1. These are two real cases that arose in the countries I discuss in this volume: Vanuatu and
Aotearoa New Zealand. In the first case, the people of South Pentecost claimed that the
Nagol Land Dive, the inspiration for bungee jumping, was their intellectual property and have
discussed suing the developer of the bungee jump, A. J. Hackett. Full details of the legal case
history can be found at the Pacific Islands Legal Information Institute of the University of the
South Pacific, www.paclii.org (accessed January 13, 2011). More tangibly, the Vanuatu National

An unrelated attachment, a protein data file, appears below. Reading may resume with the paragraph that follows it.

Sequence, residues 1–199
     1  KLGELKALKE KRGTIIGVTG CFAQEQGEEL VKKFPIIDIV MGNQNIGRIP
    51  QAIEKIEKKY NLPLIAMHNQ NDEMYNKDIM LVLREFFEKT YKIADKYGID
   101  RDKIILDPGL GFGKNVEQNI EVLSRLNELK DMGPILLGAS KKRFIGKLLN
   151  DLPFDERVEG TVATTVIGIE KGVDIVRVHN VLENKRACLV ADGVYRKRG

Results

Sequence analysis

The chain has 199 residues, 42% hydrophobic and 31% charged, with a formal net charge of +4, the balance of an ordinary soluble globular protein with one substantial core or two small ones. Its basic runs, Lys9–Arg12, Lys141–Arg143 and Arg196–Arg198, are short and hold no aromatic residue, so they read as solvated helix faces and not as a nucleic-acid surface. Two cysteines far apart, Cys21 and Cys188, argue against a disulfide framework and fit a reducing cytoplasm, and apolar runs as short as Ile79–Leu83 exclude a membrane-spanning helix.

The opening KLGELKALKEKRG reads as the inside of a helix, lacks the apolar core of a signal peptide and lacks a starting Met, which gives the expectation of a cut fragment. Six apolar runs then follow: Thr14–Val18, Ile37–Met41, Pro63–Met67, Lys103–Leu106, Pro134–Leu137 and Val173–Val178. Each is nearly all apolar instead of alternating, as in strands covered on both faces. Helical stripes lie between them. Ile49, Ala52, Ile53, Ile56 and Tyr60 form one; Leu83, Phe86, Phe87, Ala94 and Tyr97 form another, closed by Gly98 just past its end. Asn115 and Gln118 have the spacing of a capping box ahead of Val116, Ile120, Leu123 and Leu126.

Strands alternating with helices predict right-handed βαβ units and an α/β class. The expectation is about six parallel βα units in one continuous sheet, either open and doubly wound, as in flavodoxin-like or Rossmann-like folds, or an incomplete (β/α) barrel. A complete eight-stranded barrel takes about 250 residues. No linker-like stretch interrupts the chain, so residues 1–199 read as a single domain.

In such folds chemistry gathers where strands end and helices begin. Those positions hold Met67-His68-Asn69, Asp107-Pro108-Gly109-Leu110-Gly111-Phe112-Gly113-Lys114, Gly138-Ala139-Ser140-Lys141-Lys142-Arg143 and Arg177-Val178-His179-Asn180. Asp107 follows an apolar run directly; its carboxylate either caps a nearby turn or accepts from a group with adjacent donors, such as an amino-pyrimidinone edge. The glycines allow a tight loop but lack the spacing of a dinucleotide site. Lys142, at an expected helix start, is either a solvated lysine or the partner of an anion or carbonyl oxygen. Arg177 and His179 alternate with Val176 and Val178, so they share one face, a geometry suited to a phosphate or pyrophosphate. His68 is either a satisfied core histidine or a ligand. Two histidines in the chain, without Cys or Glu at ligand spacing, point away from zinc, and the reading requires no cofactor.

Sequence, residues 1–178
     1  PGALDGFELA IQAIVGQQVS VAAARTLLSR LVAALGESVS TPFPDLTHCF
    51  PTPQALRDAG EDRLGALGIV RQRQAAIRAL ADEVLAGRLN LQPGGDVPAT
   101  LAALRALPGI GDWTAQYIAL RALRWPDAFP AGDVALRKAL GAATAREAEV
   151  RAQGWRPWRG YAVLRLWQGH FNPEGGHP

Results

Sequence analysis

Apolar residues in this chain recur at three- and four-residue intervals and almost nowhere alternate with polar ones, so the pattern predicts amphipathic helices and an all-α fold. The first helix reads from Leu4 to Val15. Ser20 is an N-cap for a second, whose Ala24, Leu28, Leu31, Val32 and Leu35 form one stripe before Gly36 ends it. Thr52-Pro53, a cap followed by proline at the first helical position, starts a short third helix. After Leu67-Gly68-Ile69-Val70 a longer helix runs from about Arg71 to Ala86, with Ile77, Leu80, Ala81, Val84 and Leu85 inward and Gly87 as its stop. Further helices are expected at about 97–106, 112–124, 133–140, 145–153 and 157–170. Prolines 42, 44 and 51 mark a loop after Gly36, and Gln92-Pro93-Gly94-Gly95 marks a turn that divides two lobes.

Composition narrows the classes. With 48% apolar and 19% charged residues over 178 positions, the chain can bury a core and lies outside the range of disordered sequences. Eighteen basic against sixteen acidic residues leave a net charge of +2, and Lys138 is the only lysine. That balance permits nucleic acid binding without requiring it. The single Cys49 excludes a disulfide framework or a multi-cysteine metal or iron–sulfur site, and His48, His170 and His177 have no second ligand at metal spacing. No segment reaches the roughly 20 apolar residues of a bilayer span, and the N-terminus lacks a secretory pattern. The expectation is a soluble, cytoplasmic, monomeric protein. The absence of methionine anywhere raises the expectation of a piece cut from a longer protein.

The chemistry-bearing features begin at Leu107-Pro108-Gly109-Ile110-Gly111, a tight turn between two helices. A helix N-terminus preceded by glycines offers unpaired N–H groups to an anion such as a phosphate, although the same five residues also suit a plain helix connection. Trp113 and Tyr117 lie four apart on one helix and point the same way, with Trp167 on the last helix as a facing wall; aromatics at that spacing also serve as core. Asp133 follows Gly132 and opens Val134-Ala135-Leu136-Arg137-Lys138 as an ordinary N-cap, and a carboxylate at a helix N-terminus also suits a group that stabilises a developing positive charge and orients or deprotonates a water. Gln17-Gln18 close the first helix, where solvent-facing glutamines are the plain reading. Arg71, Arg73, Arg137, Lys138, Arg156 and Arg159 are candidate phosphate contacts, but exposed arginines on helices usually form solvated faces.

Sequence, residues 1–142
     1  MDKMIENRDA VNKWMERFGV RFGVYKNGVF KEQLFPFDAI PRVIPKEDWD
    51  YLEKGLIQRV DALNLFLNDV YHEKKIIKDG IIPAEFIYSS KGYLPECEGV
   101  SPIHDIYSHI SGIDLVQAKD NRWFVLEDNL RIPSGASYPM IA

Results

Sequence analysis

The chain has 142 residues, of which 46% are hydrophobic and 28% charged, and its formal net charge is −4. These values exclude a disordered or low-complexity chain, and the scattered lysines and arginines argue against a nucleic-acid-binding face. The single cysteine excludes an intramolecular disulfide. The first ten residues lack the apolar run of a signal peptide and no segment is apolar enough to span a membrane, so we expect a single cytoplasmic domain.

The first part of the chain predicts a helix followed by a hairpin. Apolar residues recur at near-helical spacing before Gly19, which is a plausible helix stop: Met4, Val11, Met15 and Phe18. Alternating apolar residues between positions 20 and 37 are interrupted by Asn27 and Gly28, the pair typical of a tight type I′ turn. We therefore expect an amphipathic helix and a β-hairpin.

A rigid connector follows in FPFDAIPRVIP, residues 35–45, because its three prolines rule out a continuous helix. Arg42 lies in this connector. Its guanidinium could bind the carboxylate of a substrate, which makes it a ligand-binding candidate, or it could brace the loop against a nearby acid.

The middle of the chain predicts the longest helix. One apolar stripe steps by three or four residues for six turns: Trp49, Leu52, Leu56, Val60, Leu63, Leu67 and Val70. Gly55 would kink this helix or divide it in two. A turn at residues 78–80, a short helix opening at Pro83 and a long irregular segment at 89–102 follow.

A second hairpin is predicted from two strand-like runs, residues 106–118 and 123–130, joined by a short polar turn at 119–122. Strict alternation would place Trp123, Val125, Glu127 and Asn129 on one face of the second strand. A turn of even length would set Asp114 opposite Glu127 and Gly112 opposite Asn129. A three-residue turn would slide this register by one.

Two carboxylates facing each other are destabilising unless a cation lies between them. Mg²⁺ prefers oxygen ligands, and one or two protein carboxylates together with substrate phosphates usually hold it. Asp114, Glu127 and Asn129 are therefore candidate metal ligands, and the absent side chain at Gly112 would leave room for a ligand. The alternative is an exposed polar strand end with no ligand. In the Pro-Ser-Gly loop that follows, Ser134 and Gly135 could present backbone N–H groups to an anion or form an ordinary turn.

Film and Sound Unit asserted Pentecost Islanders’ moral rights to the jump and forbade all
documentary filmmaking for the indefinite future until appropriate compensation and consent
can be implemented. See the Cultural Research and Filming Policy of the Vanuatu Cultural
Centre, online at www.vanuatuculture.org. In the second case, the U.S.-based company Lego
produced a series of toys that drew from the iconography and nomenclature of Māori culture
heroes. In 2001 a group of Māori people threatened legal action for the perceived trademarking
of Māori names. The company had in fact only trademarked the collective name “bionicle”
and agreed to stop using Māori words commercially. Since then Lego has not created character
names using any living languages.
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